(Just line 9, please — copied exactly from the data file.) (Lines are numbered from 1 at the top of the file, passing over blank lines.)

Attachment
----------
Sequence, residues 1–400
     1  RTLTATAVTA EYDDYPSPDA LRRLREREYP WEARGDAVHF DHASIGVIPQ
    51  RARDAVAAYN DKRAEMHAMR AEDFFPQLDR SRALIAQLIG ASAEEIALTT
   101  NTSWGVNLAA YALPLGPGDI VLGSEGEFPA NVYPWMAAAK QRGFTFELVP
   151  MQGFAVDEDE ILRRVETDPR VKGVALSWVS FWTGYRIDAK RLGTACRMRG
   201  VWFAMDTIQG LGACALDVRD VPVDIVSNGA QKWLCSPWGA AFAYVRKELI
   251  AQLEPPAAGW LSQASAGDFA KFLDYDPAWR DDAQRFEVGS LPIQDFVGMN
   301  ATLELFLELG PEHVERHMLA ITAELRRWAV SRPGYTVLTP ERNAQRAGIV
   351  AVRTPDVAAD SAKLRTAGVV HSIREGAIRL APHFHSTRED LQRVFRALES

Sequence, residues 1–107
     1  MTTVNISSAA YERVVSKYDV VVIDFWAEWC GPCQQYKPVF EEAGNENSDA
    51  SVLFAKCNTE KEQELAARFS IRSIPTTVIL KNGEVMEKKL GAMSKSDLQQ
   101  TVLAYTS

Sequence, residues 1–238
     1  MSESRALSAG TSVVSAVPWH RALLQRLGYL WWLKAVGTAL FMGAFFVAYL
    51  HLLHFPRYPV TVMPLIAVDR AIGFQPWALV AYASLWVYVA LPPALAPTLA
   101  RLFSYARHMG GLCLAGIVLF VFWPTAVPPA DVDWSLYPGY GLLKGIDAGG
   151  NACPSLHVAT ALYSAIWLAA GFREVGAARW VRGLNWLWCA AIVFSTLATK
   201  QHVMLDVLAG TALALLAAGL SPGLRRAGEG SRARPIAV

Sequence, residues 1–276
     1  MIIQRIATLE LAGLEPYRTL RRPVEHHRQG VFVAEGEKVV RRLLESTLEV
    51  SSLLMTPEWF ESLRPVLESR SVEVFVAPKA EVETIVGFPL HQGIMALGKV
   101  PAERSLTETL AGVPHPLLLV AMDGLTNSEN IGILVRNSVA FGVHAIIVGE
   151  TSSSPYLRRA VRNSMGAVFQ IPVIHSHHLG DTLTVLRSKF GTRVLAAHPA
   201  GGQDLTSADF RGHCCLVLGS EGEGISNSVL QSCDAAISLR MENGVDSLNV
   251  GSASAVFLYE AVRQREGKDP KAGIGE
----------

   351  AVRTPDVAAD SAKLRTAGVV HSIREGAIRL APHFHSTRED LQRVFRALES